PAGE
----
Home World News Your Thursday Briefing – The New York Times

Your Thursday Briefing – The New York Times

Your Thursday Briefing – The New York Times

In less than a week, NATO leaders will meet in Vilnius, Lithuania. But the prime minister of Sweden will continue not to be among them, given the continued opposition of Turkey’s president, Recep Tayyip Erdogan, to Sweden’s membership.

Erdogan has blocked the bid, saying Sweden has harbored Kurdish exiles and refugees affiliated with the Kurdistan Workers’ Party, which Turkey considers a terrorist group. Every other country has voted for Sweden’s inclusion — except Hungary, whose foreign minister said that his country would sign off once Turkey had done so.

The issue is critical for NATO, which is loath to show signs of internal division at the alliance’s annual summit, particularly as the war in Ukraine grinds on. Sweden broke from decades of neutrality after the Russian invasion of Ukraine last year by seeking to join the alliance.

U.S.-Sweden relations: In a meeting at the White House, President Biden told Prime Minister Ulf Kristersson of Sweden that he was “anxiously looking forward” to the country’s acceptance. The U.S. leader said he supported the sale of long-desired fighter jets to Turkey — but it is unclear what else might convince Erdogan to budge.

The Israeli military’s 48-hour operation in the West Bank city of Jenin ended early yesterday morning, according to officials. The operation was one of the largest in many years against armed militant groups, but few on either side harbored any illusions, saying that the groups that had lost weapons and people to the incursion would rebuild and that the troops would be back.

Three decades after the Oslo peace process, prospects for peaceful coexistence or Palestinian statehood seem ever more remote. Underlying sources of Palestinian anger remain, including the West Bank occupation dating to the 1967 Middle Eastern war, continued encroachment by Jewish settlements and a lack of economic opportunity.

Ultranationalist members of Israel’s government reject any talks or political progress with the Palestinian leadership, which is weak, divided and unwilling or unable to police rising hotbeds of militancy.

The latest: Israeli analysts said the military had achieved tactical success in Jenin. But the episode lacked any deeper strategy and could spur even more violence and revenge attacks, others said.

Related: Young Palestinians fighting against Israel are recording farewell messages to their loved ones on their phones.

Russia and Ukraine have accused each other of plotting to sabotage the Zaporizhzhia nuclear plant in southern Ukraine, which has become one of the war’s main flash points. The leader of the U.N.’s nuclear watchdog agency called for greater access for inspections, even as analysts said that the immediate risk of serious harm to the facility appeared low.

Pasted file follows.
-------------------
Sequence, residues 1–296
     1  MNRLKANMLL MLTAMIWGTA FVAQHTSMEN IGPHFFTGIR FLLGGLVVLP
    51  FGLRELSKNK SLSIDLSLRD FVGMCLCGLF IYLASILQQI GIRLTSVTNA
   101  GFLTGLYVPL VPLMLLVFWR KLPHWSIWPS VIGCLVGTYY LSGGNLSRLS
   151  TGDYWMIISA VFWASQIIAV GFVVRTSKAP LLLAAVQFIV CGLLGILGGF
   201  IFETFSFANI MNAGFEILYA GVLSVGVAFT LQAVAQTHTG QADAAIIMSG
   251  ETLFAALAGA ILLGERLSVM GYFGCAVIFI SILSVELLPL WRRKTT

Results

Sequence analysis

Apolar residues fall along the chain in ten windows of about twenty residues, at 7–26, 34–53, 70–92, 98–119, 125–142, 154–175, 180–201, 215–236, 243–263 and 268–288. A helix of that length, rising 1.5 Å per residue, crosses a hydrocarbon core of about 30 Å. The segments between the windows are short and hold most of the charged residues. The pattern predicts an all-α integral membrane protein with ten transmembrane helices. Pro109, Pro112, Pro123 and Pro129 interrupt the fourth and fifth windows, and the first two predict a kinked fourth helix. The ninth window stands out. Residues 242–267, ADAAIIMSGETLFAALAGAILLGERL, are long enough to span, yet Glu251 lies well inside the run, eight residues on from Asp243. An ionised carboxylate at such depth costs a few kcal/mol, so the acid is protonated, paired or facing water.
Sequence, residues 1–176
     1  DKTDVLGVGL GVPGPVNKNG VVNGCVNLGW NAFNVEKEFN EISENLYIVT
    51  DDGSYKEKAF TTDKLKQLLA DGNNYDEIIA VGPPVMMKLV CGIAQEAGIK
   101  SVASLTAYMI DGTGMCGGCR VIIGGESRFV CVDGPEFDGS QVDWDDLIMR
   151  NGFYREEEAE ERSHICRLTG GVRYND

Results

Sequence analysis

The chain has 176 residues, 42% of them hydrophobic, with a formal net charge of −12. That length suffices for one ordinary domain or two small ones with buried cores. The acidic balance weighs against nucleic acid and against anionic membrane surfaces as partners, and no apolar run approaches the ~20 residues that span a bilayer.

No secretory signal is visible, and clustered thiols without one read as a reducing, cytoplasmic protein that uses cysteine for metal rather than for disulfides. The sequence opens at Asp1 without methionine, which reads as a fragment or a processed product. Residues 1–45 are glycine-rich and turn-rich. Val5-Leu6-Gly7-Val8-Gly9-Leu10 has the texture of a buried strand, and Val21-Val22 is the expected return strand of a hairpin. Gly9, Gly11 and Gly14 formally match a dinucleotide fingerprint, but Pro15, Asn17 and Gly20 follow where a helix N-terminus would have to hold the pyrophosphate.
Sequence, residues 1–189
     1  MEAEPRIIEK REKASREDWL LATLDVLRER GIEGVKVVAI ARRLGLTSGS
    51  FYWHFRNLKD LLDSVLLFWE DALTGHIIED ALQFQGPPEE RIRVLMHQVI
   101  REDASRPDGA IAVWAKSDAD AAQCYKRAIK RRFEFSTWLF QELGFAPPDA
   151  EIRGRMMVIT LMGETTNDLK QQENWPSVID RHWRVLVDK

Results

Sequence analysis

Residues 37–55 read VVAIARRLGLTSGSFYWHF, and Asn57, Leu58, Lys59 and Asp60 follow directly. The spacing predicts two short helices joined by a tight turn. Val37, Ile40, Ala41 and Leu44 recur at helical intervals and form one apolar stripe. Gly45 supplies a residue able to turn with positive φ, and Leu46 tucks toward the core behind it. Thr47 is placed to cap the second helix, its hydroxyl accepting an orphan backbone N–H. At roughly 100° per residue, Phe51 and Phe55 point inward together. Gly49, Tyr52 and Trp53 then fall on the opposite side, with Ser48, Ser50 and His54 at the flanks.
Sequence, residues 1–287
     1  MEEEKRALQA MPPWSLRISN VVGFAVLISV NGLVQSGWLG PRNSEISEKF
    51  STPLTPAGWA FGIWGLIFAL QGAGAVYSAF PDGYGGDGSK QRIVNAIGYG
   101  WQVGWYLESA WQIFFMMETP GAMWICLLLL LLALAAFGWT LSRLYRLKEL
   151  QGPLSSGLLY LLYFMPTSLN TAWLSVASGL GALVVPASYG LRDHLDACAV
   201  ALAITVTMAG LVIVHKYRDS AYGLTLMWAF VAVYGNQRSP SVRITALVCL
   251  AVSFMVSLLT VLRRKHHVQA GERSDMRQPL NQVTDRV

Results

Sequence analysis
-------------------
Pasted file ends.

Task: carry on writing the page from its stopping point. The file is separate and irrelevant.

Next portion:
President Volodymyr Zelensky of Ukraine, citing the country’s intelligence service, said that Russian troops who seized the plant last year had placed objects that look like explosives on the roof of several power units. A Kremlin spokesman said that Ukraine had planned to sabotage the plant and that Russia took measures to counteract the threat.

Separately, Ukraine’s military launched an overnight strike on the Russian-occupied city of Makiivka, demonstrating the ability to attack targets deep behind Russian lines, even as Ukraine’s troops fight in grueling trench warfare to reclaim land.

On the ground: Ukrainian authorities conducted drills last week to test their emergency response, though some residents in the city of Nikopol, just a few miles from the plant, said they had no plans to leave, in part because they have nowhere else to go.

Bei Zhenying’s husband was brilliant, quirky and intensely private. But only after the Shanghai police took him away did she come to suspect that he might be an anonymous dissident blogger who had won fame while evading the surveillance state for years.

Loved, liked or admired? ​​Novak Djokovic has won more Grand Slam titles than any other man, but why do people not warm to him as they do to Roger Federer and Rafael Nadal?

How soccer managers get jobs: The way appointments are made has changed over the years. Data, presentations and extensive résumés play a key role.

Alessia Russo on joining Arsenal: The England forward talks about leaving Manchester United.

From The Times: The Paris St.-Germain soccer team said that Kylian Mbappé had to sign a new deal this summer — or leave.

Our critics picked six films to watch this summer. Read the full list here.

“Asteroid City”: Wes Anderson’s latest follows the staging of a play about the goings-on in a small desert town in the 1950s. “The film is about desire and death, small mysteries and cosmic unknowns and the stories that we make of all the stuff called life,” Manohla Dargis writes.

“Sanctuary”: A wealthy heir and a longtime employee vie for control over their uncommon relationship in this twisty duet directed by Zachary Wigon. Jeannette Catsoulis’s take: “Sexual but not sexy, ‘Sanctuary’ is fantastically dynamic and emphatically theatrical.”

“Full Time”: In Éric Gravel’s film, a single mother who is the lead chambermaid of a five-star hotel in Paris must navigate the overwhelming demands of her routine. It “moves with the breathless tension of a Safdie brothers joint,” Beatrice Loayza writes.


Please enter your comment!
Please enter your name here